Got a tricky question? Receive an answer from students like you! Try us!

Theory of Knowledge- "Are reason and emotion equally necessary in justifying moral decisions?" - Essay Example

Only on StudentShare
Pages 5 (1255 words)


However, ‘morality’ itself is subject to change and may differ according to the place, time period, religious, educational, and…

Extract of sample
Theory of Knowledge- "Are reason and emotion equally necessary in justifying moral decisions?"

However, unanimous agreement is not possible in all cases or at all times. Herein one understands the significance of ‘moral decision-making’. Moral-decision making can be said as a rather complicated affair, that “involves sensitivity to the moral dimensions of everyday situations, and an awareness of the range of interests involved in specific decisions” (MacDonald, 1).
Moral decisions, as can be understood from the above, essentially involve two things; namely, 1) emotional understanding and 2) sound reason or logical explanation, emotion and reason roughly correspond to the first and second half of the above stated process. Naturally, the question arises as to whether the two are equally important? This essay shall briefly explain the meanings of the terms ‘emotion’ and ‘reason,’ ‘moral-relativism’ and the ‘self-interest’ theory, the positives and the negatives of emotion and reason in their roles in moral decision-making. It shall argue that, both are necessary in equal proportions to arrive at morally right decisions.
‘Emotions’ can be described as underlying feelings that are spontaneous and subjective (Mencl, 4). However, there is a difference between emotions and mere sensations. Jon Elster observes the latter as “the hedonic satisfaction produced by the senses, such as the taste of sweetness on the tongue;” furthermore, they cannot be called emotions since ‘emotions’ require “prior cognition” to be produced (p. 1386). Given that emotions are ‘subjective,’ it is composed of two factors namely - the particular situation and the concerned individual’s view of the situation; and this can impact not only the individual’s life, but also the life of others (Mencl, 4).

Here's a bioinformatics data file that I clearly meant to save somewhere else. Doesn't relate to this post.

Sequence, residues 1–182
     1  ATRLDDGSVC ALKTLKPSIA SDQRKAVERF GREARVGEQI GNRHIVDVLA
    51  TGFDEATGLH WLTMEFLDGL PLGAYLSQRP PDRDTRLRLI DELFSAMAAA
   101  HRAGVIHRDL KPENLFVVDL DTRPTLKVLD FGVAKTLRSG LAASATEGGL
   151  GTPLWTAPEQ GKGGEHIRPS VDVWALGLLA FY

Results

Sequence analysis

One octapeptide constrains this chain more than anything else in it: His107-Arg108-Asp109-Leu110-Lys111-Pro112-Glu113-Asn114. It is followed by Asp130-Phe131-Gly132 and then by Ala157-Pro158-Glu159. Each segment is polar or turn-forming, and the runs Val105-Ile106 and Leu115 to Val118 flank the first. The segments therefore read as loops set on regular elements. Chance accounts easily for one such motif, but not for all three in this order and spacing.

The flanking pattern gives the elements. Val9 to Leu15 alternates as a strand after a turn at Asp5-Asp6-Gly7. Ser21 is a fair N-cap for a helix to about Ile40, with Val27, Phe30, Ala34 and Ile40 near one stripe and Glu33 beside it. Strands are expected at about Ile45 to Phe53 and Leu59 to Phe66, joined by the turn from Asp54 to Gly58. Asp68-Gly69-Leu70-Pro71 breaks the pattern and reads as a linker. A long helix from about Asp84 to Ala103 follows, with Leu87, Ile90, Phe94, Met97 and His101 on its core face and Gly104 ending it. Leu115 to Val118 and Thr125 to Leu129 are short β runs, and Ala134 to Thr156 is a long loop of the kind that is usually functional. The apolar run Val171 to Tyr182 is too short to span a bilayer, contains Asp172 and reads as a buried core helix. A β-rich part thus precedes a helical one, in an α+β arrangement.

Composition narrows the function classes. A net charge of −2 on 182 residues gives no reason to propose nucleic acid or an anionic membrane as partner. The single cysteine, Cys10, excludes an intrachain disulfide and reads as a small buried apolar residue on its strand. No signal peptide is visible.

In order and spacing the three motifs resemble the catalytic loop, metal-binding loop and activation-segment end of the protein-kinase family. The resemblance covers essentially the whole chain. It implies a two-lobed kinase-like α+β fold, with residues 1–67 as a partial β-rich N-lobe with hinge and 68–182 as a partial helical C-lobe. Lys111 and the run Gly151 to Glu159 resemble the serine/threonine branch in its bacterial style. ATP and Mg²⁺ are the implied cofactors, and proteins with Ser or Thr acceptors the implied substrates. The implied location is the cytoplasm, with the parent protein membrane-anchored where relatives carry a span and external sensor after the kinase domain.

Some excessive emotions, like jealousy, anger, and so on, however, have “negative valence” (Elster, 1388). The negative emotions have the potential to wreck and ruin lives, just as positive emotions ...
Download paper
Not exactly what you need?

Related Essays

Moral Decisions Essay
This is similar to how we acquired our morals. These are directly affected by external factors that influence us to act or think accordingly. Among the three, emotion is the only thing that cannot be controlled or influenced by other things. Janice Ho, a psychologist, once said that although emotion is one of the most primitive taints left in man, it is also the most complex, since no man has ever…
2 pages (502 words)
Moral Decisions
In the Reason, Emotion and Moral Decisions article it is said that usually people imagine that human decisions are "backed-up" by reason when in fact they are the result of emotion. For example, the author refers to the fact that oftentimes the results of death penalty that is attributed to the (inculpate) is the result of fear. This fear springs from the fact that people do not want to be hurt…
4 pages (1004 words)
Are reason and emotion equally necessary in justifying moral decisions Theory of Knowledge Essay
2006). The fact about reason and emotion being the same, there have been various questions involving the nature of the two concepts, one pertinent being "are reason and emotion equally necessary in justifying moral decisions" Only a meticulously analyzed study and discussion of the question may find an exact answer to this. Therefore, the most focal thrust of this discussion has been the question…
6 pages (1506 words)
Are reason and emotion equally necessary in justifying moral decisions?
Simply put, without it the act itself and the result will be considered irrational and therefore, would never satisfy the criteria of a moral decision which requires the agent of such decision to display an ability to distinguish right from wrong. Obviously, it is the most important element in all decision-making process. But as we explore the issue of moral decision specifically, there is an…
5 pages (1255 words)
TOK: Are reason and emotion equally necessary in justifying moral decisions?
It claims that moral dilemmas can be resolved by applying impartial, pure and rational principles. This principle requires a review of the available features of the dilemma, and the application of an abstract principle or set of rules that can be derived from the dilemma itself. The Categorical Imperative maintains that this procedure is sufficient to deal with moral dilemmas. Therefore, reason is…
5 pages (1255 words)